Market Opens Flat Amid Uncertainty

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Investors aren’t quite sure which way the wind is blowing.

During the first week of 2021, stock index values rose slightly, ballooned by decisive factors like the Georgia runoff elections and increasing efforts to administer vaccines. However, with the social climate of the United States still heavy due to last week’s Capitol riot and ongoing hearings for the second impeachment of President Donald Trump, investors have lost some of their previous zeal, causing stocks to flatten out somewhat.

At the opening of trading this morning, The Dow dropped a small 31 points, or 0.1%. The Nasdaq Composite rose a minor 0.2%, while the S&P 500 hovered slightly above the flatline. According to the latest statistics, the US consumer price index rose 0.4%, though this is well within line of projections from Dow Jones analysts.

President-Elect Joe Biden, who is slated to be sworn in next Wednesday, is planning to divulge some of his economic strategies in a report expected to release tomorrow. Analysts are expecting further discussion on potential stimulus packages for the US economy.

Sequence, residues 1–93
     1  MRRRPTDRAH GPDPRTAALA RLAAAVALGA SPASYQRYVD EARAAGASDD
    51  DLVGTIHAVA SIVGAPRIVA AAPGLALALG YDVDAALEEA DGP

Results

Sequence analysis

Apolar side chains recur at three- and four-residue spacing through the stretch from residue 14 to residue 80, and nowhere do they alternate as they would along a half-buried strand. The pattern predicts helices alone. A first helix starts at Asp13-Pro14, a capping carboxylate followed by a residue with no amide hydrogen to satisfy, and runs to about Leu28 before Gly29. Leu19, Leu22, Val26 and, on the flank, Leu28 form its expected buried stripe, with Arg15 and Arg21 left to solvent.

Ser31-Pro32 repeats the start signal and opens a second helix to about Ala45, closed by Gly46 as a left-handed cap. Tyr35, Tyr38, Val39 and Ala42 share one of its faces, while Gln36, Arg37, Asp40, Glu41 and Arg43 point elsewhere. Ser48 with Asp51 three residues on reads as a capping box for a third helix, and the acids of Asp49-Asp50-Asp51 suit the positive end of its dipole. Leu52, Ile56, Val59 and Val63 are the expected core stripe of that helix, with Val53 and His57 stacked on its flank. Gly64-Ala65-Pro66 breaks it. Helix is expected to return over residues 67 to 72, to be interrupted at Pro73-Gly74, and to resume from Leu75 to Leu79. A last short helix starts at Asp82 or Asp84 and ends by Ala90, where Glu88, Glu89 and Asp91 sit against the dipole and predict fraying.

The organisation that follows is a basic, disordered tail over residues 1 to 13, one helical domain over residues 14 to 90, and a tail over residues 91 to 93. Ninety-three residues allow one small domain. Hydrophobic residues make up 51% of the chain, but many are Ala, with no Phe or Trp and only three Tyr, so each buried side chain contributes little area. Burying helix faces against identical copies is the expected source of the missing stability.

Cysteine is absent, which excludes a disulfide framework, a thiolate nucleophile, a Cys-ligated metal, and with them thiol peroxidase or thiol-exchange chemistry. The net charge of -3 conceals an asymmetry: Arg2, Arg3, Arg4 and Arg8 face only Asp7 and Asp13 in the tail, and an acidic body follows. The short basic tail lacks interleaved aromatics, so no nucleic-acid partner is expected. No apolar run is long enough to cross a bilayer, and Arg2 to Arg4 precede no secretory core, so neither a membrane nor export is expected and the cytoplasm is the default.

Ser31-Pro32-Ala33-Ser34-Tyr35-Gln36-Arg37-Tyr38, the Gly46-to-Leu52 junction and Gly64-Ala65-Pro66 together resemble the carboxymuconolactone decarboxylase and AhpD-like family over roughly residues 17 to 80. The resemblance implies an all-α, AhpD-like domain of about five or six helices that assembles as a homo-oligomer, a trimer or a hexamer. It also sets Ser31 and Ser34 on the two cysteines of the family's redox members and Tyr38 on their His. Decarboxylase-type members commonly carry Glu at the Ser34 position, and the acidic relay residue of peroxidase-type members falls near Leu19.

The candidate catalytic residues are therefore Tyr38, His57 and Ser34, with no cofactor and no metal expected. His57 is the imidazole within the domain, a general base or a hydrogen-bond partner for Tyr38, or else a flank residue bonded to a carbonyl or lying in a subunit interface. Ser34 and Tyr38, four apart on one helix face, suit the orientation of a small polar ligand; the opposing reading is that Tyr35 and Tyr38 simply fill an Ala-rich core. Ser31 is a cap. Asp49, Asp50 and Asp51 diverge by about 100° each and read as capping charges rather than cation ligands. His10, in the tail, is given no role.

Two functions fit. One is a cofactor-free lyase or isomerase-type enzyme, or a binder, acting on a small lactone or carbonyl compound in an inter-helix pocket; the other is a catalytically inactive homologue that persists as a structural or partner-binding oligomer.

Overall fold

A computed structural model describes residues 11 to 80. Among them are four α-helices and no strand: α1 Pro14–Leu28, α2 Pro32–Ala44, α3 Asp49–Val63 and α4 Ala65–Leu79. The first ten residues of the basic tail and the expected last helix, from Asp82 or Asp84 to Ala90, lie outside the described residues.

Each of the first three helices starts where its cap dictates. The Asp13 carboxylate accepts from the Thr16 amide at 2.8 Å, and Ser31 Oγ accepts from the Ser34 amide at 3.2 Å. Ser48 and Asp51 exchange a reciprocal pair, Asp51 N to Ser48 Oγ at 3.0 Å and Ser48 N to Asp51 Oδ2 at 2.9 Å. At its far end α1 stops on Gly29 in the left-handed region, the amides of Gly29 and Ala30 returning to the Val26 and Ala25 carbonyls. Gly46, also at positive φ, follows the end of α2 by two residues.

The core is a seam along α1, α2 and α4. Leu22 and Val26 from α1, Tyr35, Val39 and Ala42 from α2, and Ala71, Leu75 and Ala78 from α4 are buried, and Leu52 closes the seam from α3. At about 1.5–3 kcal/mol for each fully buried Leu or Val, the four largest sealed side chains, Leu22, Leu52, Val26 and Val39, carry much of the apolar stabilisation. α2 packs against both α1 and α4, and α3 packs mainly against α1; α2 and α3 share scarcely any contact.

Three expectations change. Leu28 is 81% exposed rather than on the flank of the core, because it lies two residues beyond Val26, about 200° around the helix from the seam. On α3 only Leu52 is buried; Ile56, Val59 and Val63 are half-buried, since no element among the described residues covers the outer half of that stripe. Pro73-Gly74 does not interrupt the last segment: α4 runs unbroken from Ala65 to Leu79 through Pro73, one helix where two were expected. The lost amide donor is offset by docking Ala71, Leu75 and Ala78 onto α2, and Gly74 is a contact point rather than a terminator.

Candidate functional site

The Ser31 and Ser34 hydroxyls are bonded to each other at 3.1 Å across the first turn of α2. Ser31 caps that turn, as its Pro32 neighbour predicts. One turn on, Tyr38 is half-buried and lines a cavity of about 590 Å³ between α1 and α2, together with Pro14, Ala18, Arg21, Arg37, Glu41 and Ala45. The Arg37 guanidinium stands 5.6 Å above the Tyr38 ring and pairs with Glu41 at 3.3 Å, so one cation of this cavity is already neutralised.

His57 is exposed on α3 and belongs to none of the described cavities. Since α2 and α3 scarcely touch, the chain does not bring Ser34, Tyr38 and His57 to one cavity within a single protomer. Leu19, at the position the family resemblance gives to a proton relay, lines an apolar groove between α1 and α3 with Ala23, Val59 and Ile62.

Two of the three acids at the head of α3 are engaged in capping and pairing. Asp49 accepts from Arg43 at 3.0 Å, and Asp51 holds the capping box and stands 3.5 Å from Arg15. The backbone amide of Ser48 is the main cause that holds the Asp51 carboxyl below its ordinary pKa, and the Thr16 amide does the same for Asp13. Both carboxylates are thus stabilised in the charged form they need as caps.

“At a minimum, even a USD 500bn fiscal package consisting of additional stimulus checks, extended unemployment benefits, and funding for healthcare and vaccine disbursement will be another boost to economic growth in 2021,” said Jason Draho, UBS Global Wealth Management head of Americas asset allocation.

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With COVID-19 cases still on the rise around the country in spite of efforts to distribute vaccinations, analysts are unsure as to when exactly the economy will start to definitively stabilize. However, some are confident that once vaccinations reach a certain threshold of saturation, the US economy will be poised for a monumental comeback.

“In 2021, the U.S. economy should experience strong tailwinds from additional fiscal and monetary stimulus coupled with an end to the pandemic’s impact on the economy,” said Brent Schutte, chief investment strategist for Northwestern Mutual Wealth Management. “Pent-up demand in industries impacted by COVID-19 … and a needed inventory rebuild should further spur job growth,” he added.

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